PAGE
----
Teavana shareholder’s suit seeks to block sale to Starbucks
5:52 pm, December 12th, 2012
A putative class action filed by a shareholder of Atlanta-based Teavana seeks to derail the planned purchase of the company by Starbucks, claiming that proposed $620 million price “substantially undervalues” the national chain of tea stores and is “merely an attempt by Starbucks to acquire Teavana for a bargain during a temporary downturn in the economy.”
Seattle-based Starbucks announced last month that it intended to acquire Teavana Holdings Inc., which sells loose tea and tea-related merchandise in 301 stores and through its website.
According to the complaint filed in Fulton County Superior Court by Robbins Geller Rudman & Dowd partners John Herman and Ryan Walsh, Teavana shareholders are to receive $15.50 in cash for each share of Teavana stock they own.
The suit, filed Nov. 19 by Teavana shareholder Peter Rosenblum, asks the court to approve it as a class action and enjoin the sale which, it says, will “deprive Class members of their fair share of Teavana’s valuable assets and businesses to the irreparable harm to the Class.”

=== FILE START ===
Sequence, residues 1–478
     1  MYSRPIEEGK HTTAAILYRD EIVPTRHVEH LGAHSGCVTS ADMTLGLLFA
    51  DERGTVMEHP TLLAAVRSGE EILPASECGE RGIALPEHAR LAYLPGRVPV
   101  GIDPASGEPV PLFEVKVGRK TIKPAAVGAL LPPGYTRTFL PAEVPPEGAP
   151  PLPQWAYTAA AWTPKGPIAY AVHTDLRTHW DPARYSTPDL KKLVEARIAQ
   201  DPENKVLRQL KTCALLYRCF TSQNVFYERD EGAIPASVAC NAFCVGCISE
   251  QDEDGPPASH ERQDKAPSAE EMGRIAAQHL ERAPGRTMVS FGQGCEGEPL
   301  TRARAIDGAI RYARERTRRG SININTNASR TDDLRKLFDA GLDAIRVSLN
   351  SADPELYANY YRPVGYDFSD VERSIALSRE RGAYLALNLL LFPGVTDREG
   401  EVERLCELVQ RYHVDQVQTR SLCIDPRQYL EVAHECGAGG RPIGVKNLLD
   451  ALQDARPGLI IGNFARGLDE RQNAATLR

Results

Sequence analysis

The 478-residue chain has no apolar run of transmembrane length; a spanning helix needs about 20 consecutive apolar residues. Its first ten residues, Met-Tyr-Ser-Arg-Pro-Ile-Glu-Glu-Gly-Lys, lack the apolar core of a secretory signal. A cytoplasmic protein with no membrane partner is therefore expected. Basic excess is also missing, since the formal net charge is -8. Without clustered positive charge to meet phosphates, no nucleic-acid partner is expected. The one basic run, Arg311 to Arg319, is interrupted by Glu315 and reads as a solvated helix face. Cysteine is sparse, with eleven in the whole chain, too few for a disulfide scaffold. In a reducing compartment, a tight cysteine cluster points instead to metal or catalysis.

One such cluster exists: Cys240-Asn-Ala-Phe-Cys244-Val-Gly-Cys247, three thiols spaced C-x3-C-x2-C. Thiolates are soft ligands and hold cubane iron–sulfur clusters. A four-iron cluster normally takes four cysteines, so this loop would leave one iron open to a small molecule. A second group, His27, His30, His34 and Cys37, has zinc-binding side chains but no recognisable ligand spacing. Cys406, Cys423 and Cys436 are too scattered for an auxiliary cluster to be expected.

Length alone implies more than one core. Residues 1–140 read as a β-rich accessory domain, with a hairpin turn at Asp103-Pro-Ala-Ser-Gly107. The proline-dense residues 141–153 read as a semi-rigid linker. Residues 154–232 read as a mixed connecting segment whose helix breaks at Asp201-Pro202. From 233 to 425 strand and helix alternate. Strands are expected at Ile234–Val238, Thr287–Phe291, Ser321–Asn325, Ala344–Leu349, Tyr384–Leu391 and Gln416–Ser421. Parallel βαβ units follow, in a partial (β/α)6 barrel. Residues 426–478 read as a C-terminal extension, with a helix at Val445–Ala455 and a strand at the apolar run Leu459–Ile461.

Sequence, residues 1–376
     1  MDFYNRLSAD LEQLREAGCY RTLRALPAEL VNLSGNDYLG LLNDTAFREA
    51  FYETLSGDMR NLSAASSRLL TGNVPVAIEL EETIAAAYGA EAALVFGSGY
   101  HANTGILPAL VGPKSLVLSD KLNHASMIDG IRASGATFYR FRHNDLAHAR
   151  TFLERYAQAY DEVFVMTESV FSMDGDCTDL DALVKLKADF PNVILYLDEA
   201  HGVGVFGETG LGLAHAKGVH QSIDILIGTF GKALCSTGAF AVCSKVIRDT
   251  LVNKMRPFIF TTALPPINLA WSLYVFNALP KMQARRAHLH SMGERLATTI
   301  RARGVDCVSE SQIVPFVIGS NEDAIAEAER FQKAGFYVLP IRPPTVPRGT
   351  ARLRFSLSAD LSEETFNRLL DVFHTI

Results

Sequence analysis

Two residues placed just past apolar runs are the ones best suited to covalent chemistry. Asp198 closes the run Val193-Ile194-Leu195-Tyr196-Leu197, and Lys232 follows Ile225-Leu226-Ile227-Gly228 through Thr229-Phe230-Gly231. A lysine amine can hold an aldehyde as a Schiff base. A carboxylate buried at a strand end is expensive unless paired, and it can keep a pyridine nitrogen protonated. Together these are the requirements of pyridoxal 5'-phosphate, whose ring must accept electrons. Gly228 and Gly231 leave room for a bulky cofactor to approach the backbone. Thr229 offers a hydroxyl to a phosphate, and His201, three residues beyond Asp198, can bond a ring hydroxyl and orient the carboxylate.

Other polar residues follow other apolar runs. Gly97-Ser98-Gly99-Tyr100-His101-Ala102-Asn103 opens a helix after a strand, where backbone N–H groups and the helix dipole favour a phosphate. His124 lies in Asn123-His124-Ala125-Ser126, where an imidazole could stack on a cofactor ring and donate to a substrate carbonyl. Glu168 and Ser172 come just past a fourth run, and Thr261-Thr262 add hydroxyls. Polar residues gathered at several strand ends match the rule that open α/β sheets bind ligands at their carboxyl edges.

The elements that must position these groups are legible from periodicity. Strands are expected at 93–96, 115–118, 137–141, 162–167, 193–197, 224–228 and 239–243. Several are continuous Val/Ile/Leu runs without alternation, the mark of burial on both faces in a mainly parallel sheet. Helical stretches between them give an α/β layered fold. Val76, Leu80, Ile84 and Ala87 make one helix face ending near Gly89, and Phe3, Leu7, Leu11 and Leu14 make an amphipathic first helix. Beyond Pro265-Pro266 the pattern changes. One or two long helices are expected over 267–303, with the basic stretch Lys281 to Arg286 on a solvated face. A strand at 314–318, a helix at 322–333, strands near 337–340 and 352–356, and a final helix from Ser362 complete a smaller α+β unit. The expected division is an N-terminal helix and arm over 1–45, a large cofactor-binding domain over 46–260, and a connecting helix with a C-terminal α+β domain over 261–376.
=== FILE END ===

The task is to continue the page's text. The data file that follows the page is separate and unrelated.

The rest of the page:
The suit says that Teavana shares traded as high as $15.45 after the deal was announced while Starbucks stock fell 2 percent, “which confirms the market recognizes the Proposed Transaction is undervalued.”
The suit names Teavana Holdings, company founder and CEO Andrew Mack and several corporate directors, and Starbucks as defendants, and alleges breach of fiduciary duties against the individual defendants and aiding and abetting of that breach by Teavana and Starbucks.
Unless the court intervenes, it says, the deal is almost certain to proceed since Mack and three other shareholders who collectively control 74 percent of the stock have already approved a written merger agreement.
“Thus,” it says, “no shareholder vote or any additional shareholder action is required in order to complete the transaction.”
Teavana shares closed at $15.40 per share on Wednesday.
Herman was not available to discuss the suit, and media contacts for Teavana and Starbucks did not immediately respond to requests for comment.